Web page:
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American Poems: Kindle eBooks: In the Name of Salome
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 Home » Kindle eBooks » In the Name of Salome

In the Name of Salome

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  • Sales Rank:348,971
  • Format:Kindle eBook
  • Language:English (Published)
  • Media:Kindle Edition
  • Edition:1st
  • Pages:370
  • Publication Date:June 9, 2000
  • ASIN:B00APBPAZO


Editorial Reviews:
Synopsis
In her most ambitious work since In the Time of Butterflies, Julia Alvarez tells the story of a woman whose poetry inspired one Caribbean revolution and of her daughter whose dedication to teaching strengthened another.

Camila Henriquez Urena is about to retire from her longtime job teaching Spanish at Vassar College. Only now as she sorts through family papers does she begin to know the woman behind the legend of her mother, the revered Salome Urena, who died when Camila was three.

In stark contrast to Salome, who became the Dominican Republic's national poet at the age of seventeen, Camila has spent most of her life trying not to offend anybody. Her mother dedicated her life to educating young women to give them voice in their turbulent new nation; Camila has spent her life quietly and anonymously teaching the Spanish pluperfect to upper-class American girls with no notion of revolution, no knowledge of Salome Urena.

Now, in 1960, Camila must choose a final destination for herself. Where will she spend the rest of her days? News of the revolution in Cuba mirrors her own internal upheaval. In the process of deciding her future, Camila uncovers the truth of her mother's tragic personal life and, finally, finds a place for her own passion and commitment.

Julia Alvarez has won a large and devoted audience by brilliantly illuminating the history of modern Caribbean America through the personal stories of its people. As a Latina, as a poet and novelist, and as a university professor, Julia Alvarez brings her own experience to this exquisite story.

Amazon.com Review
It's 1960, and 65-year-old Camila Ureña decides to join the New World. Castro's new world, that is, which she has been following on the news with a heated excitement she hasn't felt for years. Forced into early retirement from her 20-year post as a Spanish teacher among the perky white girls of Vassar College, Camila faces a choice: whether to move to Florida and live down the block from her best friend or to fly over Florida and into Havana where her brothers live--and thereby land in a place of upheaval and hungry ghosts. The hungriest ghost of all is Camila's mother, Salomé Ureña, whose poems became inspirational anthems for a short-lived revolution in the late-19th-century Dominican Republic.

Based in fact, In the Name of Salomé alternates between Camila's story and her mother's. Camila's chapters are written in the third person, Salomé's in the first. By calling Camila "she," Alvarez alienates her within the text--as if in her attic at Vassar she is floating outside herself in an America that does not belong to her. In contrast, Salomé's chapters vibrate with life and tears and melodrama. Through the alternating voices, which Alvarez handles masterfully, the reader comes to grasp Camila's longing for the color and music of her mother's lost world--how the meek daughter wishes "she" could become the "I" of her mother's revolutionary and passionate life as a poet, which began under a pseudonym, Herminia, in a local political paper:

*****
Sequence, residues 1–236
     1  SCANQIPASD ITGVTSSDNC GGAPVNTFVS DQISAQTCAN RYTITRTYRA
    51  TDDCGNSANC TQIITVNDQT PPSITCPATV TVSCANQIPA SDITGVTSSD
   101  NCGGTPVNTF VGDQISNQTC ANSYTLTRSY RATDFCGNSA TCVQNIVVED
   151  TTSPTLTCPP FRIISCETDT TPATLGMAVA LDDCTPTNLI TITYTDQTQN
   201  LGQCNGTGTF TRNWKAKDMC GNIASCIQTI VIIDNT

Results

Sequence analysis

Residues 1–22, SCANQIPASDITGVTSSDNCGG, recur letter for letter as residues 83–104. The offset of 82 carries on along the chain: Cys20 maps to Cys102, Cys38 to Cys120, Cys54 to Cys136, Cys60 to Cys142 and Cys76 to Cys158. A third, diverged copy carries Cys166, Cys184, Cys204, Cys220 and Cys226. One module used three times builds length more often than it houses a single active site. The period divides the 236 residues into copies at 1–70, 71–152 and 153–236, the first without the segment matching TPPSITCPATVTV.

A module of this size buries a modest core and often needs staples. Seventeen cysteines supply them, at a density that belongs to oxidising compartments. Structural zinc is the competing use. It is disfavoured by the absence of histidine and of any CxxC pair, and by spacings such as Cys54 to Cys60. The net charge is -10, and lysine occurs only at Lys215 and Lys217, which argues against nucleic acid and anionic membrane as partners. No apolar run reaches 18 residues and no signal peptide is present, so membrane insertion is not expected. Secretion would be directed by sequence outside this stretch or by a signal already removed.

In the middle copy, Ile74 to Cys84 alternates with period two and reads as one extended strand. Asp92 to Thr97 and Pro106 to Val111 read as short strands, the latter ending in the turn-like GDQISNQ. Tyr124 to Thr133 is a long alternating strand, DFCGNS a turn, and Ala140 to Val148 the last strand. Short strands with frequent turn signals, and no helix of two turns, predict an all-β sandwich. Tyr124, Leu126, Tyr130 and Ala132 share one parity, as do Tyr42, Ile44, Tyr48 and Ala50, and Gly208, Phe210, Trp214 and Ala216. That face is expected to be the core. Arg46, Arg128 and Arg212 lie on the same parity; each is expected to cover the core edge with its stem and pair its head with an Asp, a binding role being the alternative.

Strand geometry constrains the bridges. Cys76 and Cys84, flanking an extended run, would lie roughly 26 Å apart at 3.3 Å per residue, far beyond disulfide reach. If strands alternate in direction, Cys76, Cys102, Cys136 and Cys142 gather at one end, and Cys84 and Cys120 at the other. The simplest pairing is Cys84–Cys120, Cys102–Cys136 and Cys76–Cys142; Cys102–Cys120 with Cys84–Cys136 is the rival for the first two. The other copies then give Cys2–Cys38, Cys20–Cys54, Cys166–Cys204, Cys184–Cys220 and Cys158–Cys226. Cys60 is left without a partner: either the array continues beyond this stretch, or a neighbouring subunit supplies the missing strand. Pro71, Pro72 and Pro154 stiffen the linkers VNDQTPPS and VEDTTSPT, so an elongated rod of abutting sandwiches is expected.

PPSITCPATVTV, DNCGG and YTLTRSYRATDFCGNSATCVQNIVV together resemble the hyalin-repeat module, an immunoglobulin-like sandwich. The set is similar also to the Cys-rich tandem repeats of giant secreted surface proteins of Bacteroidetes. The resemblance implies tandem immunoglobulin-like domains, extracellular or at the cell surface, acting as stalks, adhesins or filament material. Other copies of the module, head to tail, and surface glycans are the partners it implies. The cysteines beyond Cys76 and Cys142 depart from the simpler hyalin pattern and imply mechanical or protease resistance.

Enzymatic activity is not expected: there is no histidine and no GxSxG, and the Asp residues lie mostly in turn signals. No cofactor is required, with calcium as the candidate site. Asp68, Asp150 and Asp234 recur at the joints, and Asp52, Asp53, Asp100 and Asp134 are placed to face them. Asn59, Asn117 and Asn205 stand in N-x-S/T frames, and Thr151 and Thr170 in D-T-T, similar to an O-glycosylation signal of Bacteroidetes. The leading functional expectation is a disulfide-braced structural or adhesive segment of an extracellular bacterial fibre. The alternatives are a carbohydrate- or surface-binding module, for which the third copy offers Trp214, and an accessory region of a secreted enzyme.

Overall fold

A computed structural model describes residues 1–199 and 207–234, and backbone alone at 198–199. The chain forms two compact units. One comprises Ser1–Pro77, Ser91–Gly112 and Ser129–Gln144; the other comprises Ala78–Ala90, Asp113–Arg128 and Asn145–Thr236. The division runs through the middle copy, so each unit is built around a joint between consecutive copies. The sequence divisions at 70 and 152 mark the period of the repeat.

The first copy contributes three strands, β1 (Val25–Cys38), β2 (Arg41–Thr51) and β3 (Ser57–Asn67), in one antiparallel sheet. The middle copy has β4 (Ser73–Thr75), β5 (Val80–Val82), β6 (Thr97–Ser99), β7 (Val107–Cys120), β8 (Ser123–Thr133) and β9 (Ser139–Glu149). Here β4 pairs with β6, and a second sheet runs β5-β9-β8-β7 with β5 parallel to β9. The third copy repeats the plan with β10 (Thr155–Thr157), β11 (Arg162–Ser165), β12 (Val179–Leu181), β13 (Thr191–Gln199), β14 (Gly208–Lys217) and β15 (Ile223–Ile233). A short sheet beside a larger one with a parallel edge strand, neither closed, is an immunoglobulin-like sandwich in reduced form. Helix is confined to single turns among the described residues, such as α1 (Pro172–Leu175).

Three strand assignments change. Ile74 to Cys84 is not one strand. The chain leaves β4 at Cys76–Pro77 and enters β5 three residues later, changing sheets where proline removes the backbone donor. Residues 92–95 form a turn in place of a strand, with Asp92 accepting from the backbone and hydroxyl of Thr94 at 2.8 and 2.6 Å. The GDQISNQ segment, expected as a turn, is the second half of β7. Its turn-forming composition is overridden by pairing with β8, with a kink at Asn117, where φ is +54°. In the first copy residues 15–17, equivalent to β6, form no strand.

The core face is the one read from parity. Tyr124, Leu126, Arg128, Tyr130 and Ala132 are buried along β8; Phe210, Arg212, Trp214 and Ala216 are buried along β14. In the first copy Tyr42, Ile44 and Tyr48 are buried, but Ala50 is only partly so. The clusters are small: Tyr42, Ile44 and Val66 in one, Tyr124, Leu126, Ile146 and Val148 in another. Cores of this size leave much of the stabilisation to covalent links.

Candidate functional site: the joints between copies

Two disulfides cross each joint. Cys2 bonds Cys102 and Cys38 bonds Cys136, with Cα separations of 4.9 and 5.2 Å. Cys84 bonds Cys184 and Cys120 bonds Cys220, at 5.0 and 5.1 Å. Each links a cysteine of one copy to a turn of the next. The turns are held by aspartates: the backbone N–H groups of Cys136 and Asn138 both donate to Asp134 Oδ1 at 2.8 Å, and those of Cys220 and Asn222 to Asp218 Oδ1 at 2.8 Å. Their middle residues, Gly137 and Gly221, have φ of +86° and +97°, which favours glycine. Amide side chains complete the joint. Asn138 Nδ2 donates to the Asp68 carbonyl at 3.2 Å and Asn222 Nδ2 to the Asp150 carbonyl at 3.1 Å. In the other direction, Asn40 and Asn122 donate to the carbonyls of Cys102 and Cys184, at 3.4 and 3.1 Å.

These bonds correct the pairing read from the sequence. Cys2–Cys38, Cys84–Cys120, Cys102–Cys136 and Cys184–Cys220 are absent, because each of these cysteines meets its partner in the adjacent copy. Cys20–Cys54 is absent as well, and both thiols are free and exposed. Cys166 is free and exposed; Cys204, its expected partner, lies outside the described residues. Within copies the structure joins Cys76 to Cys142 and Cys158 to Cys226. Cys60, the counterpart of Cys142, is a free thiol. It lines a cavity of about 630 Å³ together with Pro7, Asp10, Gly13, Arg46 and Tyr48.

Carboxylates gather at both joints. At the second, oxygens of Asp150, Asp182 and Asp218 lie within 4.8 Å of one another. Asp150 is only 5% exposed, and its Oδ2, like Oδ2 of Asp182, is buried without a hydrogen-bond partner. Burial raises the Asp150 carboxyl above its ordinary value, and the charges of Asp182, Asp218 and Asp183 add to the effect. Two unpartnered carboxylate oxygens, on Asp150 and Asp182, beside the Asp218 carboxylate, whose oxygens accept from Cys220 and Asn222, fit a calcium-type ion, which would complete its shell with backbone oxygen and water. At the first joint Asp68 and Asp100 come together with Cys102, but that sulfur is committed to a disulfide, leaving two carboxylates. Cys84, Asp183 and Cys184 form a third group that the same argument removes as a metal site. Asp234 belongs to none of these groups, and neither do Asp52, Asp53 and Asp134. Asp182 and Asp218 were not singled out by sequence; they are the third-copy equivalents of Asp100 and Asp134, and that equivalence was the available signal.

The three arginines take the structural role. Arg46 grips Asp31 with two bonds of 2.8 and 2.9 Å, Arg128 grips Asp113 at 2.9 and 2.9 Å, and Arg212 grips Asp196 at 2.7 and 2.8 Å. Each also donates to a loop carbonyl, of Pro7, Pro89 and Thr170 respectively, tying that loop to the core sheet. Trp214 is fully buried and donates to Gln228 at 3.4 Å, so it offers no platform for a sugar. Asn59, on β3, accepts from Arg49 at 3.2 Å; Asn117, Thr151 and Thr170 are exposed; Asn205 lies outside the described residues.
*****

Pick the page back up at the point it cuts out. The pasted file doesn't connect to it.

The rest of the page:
Each time there was a new poem by Herminia in the paper, Mamá would close the front shutters of the house and read it in a whisper to the rest of us. She was delighted with the brave Herminia. I felt guilty keeping this secret from her, but I knew if I told her, all her joy would turn to worry.
Yet for Salomé, her pseudonym allows her to become the voice of a country, "and with every link she cracked open for la patria, she was also setting me free." --Emily White
Synopsis
In her most ambitious work since In the Time of Butterflies, Julia Alvarez tells the story of a woman whose poetry inspired one Caribbean revolution and of her daughter whose dedication to teaching strengthened another.

Camila Henriquez Urena is about to retire from her longtime job teaching Spanish at Vassar College. Only now as she sorts through family papers does she begin to know the woman behind the legend of her mother, the revered Salome Urena, who died when Camila was three.

In stark contrast to Salome, who became the Dominican Republic's national poet at the age of seventeen, Camila has spent most of her life trying not to offend anybody. Her mother dedicated her life to educating young women to give them voice in their turbulent new nation; Camila has spent her life quietly and anonymously teaching the Spanish pluperfect to upper-class American girls with no notion of revolution, no knowledge of Salome Urena.

Now, in 1960, Camila must choose a final destination for herself. Where will she spend the rest of her days? News of the revolution in Cuba mirrors her own internal upheaval. In the process of deciding her future, Camila uncovers the truth of her mother's tragic personal life and, finally, finds a place for her own passion and commitment.

Julia Alvarez has won a large and devoted audience by brilliantly illuminating the history of modern Caribbean America through the personal stories of its people. As a Latina, as a poet and novelist, and as a university professor, Julia Alvarez brings her own experience to this exquisite story.


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